Preparing for your appointment

You're likely to start by seeing your family doctor. After your initial appointment, your doctor may refer you to a doctor who specializes in the diagnosis and treatment of heart conditions (cardiologist).

Here's some information to help you prepare for your appointment.

What you can do

  • Write down your symptoms and how long you've had them.
  • Make a list of your key medical information, including other recent health problems you've had and all prescription and over-the-counter medications and supplements you're taking.
  • Take a family member or friend with you to the appointment, if possible. Someone who accompanies you can help remember what the doctor says.
  • Write down questions to ask your doctor.

For aortic valve regurgitation, questions to ask your doctor include:

  • What is likely causing my symptoms?
  • Are there any other possible causes?
  • What tests do I need?
  • What treatment approach do you recommend?
  • What are the alternatives to the approach you're recommending?
  • Will I need surgery? If so, what surgeon do you recommend for aortic valve surgery?
  • I have other health conditions. How can I best manage them together?
  • Are there restrictions I need to follow?
  • Should I see a specialist?

Don't hesitate to ask other questions, as well.

What to expect from your doctor

Your doctor is likely to ask you a number of questions, including:

  • When did your symptoms begin?
  • Have your symptoms been continuous or occasional?
  • How severe are your symptoms?
  • What, if anything, seems to improve your symptoms?
  • What, if anything, appears to worsen your symptoms?
  • Do you have heart disease in your family?
Aug. 02, 2017
References
  1. What is heart valve disease? National Heart, Lung, and Blood Institute. http://www.nhlbi.nih.gov/health/health-topics/topics/hvd. Accessed March 16, 2017.
  2. Problem: Aortic valve regurgitation. American Heart Association. http://www.heart.org/HEARTORG/Conditions/More/HeartValveProblemsandDisease/Problem-Aortic-Valve-Regurgitation_UCM_450611_Article.jsp#.WNA5Ldjrvcs. Accessed March 16, 2017.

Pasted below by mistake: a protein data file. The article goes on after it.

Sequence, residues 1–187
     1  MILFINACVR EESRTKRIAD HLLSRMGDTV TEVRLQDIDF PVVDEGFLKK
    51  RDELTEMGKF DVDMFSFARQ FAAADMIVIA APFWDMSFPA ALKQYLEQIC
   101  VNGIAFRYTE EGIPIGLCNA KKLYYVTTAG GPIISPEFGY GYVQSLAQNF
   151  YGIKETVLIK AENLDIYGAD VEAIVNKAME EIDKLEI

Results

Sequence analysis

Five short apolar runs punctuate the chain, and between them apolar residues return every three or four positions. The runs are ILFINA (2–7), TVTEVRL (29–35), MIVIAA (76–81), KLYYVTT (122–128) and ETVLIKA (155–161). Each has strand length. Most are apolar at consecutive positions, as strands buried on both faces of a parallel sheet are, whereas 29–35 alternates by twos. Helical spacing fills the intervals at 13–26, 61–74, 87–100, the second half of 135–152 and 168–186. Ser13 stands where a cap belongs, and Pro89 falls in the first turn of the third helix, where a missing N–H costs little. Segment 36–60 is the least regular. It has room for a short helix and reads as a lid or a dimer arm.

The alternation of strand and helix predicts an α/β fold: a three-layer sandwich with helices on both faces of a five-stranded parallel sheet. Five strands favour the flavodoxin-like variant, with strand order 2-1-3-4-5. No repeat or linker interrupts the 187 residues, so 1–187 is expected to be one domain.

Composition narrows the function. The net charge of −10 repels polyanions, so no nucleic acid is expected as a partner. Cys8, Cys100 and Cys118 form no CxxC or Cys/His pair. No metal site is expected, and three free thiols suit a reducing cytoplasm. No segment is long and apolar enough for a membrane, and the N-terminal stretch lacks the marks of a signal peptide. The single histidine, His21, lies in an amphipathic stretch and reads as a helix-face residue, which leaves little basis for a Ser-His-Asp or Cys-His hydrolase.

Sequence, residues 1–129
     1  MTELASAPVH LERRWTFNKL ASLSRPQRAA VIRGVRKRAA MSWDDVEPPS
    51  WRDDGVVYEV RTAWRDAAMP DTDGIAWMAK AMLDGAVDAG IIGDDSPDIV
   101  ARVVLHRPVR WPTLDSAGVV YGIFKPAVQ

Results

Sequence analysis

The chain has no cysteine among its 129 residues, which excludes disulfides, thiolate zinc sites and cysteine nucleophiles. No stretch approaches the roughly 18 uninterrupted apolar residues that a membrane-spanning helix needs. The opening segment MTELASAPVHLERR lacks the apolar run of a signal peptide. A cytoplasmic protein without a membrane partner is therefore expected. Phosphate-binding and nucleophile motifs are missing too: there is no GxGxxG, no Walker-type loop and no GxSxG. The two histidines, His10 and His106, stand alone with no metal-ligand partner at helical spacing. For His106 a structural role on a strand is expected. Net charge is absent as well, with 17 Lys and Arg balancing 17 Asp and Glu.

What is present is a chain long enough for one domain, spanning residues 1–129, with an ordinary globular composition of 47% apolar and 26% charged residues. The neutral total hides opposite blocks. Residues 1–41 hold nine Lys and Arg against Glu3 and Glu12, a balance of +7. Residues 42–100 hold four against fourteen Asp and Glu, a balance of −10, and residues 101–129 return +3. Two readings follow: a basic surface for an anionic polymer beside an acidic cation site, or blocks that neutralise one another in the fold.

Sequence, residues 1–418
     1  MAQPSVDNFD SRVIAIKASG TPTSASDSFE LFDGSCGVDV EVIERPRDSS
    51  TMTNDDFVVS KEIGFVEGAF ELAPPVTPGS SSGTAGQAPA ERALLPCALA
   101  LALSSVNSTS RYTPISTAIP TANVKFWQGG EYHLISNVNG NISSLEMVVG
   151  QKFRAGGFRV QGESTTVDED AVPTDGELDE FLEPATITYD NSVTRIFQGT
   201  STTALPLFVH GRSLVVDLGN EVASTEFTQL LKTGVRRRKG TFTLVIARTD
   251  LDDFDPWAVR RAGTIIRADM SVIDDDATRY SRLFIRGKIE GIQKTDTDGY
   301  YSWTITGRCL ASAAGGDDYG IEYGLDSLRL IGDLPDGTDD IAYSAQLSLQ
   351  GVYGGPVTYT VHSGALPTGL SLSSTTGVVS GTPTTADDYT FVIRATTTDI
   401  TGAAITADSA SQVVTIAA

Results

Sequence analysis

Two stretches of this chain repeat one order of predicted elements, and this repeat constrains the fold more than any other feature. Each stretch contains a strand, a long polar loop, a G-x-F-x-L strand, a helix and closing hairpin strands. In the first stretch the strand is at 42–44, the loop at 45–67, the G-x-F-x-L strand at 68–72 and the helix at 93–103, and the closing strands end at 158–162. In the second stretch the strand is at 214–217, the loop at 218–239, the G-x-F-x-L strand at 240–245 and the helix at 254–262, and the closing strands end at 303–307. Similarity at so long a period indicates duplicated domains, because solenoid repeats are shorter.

3. Bonow RO, et al., eds. Valvular heart disease. In: Braunwald's Heart Disease: A Textbook of Cardiovascular Medicine. 10th ed. Philadelphia, Pa.: Saunders Elsevier; 2015. https://www.clinicalkey.com. Accessed March 16, 2017.
  4. Gaasch WH. Clinical manifestations and diagnosis of chronic aortic regurgitation in adults. http://www.uptodate.com/home. Accessed March 17, 2017.
  5. Gaasch WH. Natural history and management of chronic aortic valve regurgitation in adults. http://www.uptodate.com/home. Accessed March 17, 2017.
  6. Ruiz CE, et al. Transcatheter therapies for the treatment of valvular and paravalvular regurgitation in acquired and congenital valvular heart disease. Journal of the American College of Cardiology. 2015;66:169.
  7. AskMayoExpert. Aortic valve regurgitation. Rochester, Minn.: Mayo Foundation for Medical Education and Research; 2017.
  8. Nishimura RA, et al. 2014 AHA/ACC guideline for the management of patients with valvular heart disease: A report of the American College of Cardiology/American Heart Association Task Force on Practice Guidelines. The Journal of Thoracic and Cardiovascular Surgery. 2014;148:e1.
  9. How can I make my lifestyle healthier? American Heart Association. http://www.heart.org/HEARTORG/Conditions/More/ToolsForYourHeartHealth/Answers-by-Heart-Fact-Sheets-Lifestyle-and-Risk-Reduction_UCM_300611_Article.jsp#.WC9socnFjVY. Accessed March 20, 2017.
  10. Daniels BK. Echo Information Management System. Mayo Clinic, Rochester, Minn. Oct 18, 2016.
  11. Riggin EA. Allscripts EPSi. Mayo Clinic, Rochester, Minn. March 14, 2017.
  12. Lopez-Jimenez F (expert opinion). Mayo Clinic, Rochester, Minn. April 19, 2017.
  13. Braverman AC. Clinical manifestations and diagnosis of bicuspid aortic valve in adults. http://www.uptodate.com/home. Accessed April 19, 2017.

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